SANTA FE – In what may be an unprecedented ruling, a state district judge here decided Monday that he will appoint a special master in a criminal case to ensure that the defendant gets a constitutionally adequate defense.
Judge T. Glenn Ellington made the ruling in the case of William “Kal” Kalinowski, a former luxury home developer charged in 2013 with 10 felony counts of embezzlement or fraud for allegedly bilking investors, contractors and people he was supposed to be building homes for in the upscale Las Campanas subdivision near Santa Fe out of millions of dollars.
After a 3½-hour hearing, Ellington said none of three lawyers from the Public Defender Department assigned to represent Kalinowski over the past couple of years had the experience or background to handle such a complicated white-collar fraud case. Kalinowski’s trial is expected to have more than 50 witnesses and is scheduled for three weeks.
Ellington said he didn’t know “if there was anyone within the department” with the necessary expertise, but that the public defenders for Kalinowski didn’t meet Ellington’s prior order that “appropriate” lawyers represent Kalinowski.
“Mr. Kalinowski, you’re not guaranteed a perfect defense under the Constitution – you’re guaranteed a constitutionally adequate defense,” Ellington told the defense. “To this point in time, you have not received that in preparation of this case.”
“The court finds that the department is wholly unprepared to deal with this kind of case internally and it must take specialized action whenever a case like this presents itself,” Ellington said. He ordered the public defender’s office to provide “whatever resources are necessary” to provide Kalinowski with effective legal assistance.
Helen Bennett, an Albuquerque attorney appointed to represent Kalinowski at Monday’s hearing who argued for a special master to oversee the department going forward in the case, said she has been unable to find another instance in the country in which a judge appointed a special master in a criminal case.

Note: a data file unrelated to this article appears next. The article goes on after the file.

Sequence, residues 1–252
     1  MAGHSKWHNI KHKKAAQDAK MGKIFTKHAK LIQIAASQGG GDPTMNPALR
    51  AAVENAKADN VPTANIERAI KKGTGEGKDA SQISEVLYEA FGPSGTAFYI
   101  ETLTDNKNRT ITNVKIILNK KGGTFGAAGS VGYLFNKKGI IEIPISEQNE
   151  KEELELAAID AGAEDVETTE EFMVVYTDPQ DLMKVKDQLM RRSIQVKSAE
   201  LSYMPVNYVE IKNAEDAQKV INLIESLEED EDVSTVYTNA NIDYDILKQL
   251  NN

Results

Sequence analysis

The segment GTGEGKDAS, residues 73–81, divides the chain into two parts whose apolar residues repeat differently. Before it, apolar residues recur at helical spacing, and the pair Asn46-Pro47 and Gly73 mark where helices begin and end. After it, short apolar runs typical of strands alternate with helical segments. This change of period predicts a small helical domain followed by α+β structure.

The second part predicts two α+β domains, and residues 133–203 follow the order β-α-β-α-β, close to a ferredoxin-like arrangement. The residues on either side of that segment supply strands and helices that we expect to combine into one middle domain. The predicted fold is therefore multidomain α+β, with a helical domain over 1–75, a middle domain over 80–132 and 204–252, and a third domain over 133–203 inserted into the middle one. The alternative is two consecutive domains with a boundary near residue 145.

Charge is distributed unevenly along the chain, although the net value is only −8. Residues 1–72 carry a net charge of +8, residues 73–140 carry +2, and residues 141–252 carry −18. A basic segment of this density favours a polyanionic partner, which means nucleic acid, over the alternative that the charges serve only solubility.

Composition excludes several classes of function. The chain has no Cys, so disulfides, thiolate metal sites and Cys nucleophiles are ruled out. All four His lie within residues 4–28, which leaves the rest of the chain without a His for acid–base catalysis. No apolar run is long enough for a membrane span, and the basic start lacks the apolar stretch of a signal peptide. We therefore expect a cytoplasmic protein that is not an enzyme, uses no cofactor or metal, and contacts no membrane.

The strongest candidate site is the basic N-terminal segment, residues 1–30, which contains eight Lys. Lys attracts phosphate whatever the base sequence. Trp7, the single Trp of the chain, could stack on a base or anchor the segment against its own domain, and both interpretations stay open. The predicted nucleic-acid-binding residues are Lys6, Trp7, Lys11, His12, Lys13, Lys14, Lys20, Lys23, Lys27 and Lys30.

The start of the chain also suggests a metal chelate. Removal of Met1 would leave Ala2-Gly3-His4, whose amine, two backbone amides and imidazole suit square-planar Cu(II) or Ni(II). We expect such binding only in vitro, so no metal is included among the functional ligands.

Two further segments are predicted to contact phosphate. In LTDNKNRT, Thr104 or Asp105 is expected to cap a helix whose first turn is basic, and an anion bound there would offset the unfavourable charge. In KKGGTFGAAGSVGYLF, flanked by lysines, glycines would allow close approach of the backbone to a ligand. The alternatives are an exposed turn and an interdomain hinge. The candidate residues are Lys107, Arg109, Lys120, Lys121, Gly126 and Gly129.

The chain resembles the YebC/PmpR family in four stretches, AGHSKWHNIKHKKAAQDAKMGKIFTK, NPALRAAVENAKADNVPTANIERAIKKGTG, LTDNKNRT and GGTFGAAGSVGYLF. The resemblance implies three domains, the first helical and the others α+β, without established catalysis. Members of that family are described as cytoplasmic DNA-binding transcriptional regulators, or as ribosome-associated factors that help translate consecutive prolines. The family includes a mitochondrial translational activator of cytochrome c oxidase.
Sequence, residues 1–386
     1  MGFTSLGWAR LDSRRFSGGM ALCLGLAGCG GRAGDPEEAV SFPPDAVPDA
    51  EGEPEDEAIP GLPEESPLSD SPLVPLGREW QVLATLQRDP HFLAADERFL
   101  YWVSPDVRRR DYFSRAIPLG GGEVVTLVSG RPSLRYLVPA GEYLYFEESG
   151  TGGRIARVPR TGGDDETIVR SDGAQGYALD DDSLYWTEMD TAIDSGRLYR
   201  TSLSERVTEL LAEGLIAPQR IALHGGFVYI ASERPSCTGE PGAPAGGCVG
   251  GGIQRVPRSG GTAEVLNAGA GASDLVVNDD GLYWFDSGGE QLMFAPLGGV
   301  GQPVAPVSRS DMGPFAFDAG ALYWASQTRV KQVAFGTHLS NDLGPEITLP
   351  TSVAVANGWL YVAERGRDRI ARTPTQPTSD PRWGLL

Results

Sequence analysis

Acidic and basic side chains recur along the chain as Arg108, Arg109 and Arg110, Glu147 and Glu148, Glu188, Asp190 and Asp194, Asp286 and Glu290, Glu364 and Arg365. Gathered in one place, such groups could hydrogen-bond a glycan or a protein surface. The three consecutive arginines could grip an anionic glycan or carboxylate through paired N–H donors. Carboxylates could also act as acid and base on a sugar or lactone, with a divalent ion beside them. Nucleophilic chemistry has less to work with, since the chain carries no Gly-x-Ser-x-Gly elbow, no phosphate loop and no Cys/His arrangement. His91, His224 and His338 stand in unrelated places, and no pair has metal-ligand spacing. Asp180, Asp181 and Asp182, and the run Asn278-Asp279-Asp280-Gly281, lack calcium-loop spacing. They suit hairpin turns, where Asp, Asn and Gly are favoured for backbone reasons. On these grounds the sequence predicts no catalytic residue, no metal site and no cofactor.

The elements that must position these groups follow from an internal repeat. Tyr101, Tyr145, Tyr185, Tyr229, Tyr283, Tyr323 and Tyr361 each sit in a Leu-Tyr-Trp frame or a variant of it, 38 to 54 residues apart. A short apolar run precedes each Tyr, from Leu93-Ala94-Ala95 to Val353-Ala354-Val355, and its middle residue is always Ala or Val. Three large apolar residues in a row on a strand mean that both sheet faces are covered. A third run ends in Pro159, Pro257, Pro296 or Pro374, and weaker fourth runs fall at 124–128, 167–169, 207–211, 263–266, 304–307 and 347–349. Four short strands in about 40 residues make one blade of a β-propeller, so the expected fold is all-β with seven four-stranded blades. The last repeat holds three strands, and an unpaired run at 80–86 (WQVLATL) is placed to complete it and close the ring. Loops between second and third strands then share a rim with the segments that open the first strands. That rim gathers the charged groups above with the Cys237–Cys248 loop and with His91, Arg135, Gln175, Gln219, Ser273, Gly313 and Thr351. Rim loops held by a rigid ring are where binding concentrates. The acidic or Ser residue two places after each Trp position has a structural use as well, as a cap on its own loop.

Ellington’s decision came after an unusual hearing that pitted lawyers from the Public Defender Department against each other, giving conflicting accounts of what had been said in conversations about mounting a defense for Kalinowski.
At issue was a motion filed in October by Damian Horne, a longtime public defender who’s done frequent tours of the Middle East as a member of the National Guard Special Services. He said the public defender’s office in Santa Fe had refused to provide enough funding to provide an adequate defense for Kalinowski, and he criticized the lack of funding and resources for the public defender system in New Mexico.
On the stand Monday, Horne maintained that his supervisor Ben Baur had put a $1,000 limit on what Horne could spend for an investigator to assist in Kalinowski’s defense. Baur said he never put a cap on the cost of an investigator. Baur said Horne had mentioned possibly needing $150,000 for the case but never filed a formal request for money.
Horne said that in his 30 years as a lawyer he’d never handled a white-collar crime case and was “getting pushed to not spend too much.” He said he filed his motion about inadequate representation for Kalinowski in the interest of his client and the U.S. Constitution and under the ethics standards set in rules of professional conduct for lawyers.
Jorge Alvarado, New Mexico’s chief public defender, said he met with Horne after Horne had complained in a staff email about spending department money on a retreat. That led to conversation about the Kalinowski case and Horne said he needed $350,000, Alvarado said. Alvarado suggested trying to get money for the case from the Legislature through a supplemental appropriation, Alvarado said.
Ellington found that Horne in fact tried to raise “the issues and problems” with the case with his superiors and sought direction in finding adequate resources “to allow Mr. Kalinowski his day in court.” But “mechanisms” within the Public Defender Department failed, the judge said.
A special master will report to Ellington about whether the judge’s orders are being followed and whether adjustments need to be made “to bring this case to trial in a timely matter,” Ellington said. He did not find the Public Defender Department in contempt, saying any errors weren’t willful.
Kalinowski, while free on bond pending trial, was hired last year for a $42,128-per-year teaching job with Albuquerque Public Schools, but the Public Defender Department eventually found he qualified for a taxpayer-supported defense by the department. Kalinowski still holds a teacher job at APS.
Ellington noted the struggles of the department in trying to provide effective legal counsel to its more than the 60,000 clients it gets every year. But when the department made the determination that Kalinowski was indigent and qualified for public defender services, it “took on the burden” of marshalling the money and expertise to represent him, Ellington said.
One problem much discussed Monday was that a “forensic auditor” originally hired for the defense under court order failed to produce any usable work product despite being paid $20,000, according to Baur. There was testimony that there are now experts and an investigator working for the defense, which has been transferred to public defenders in Albuquerque.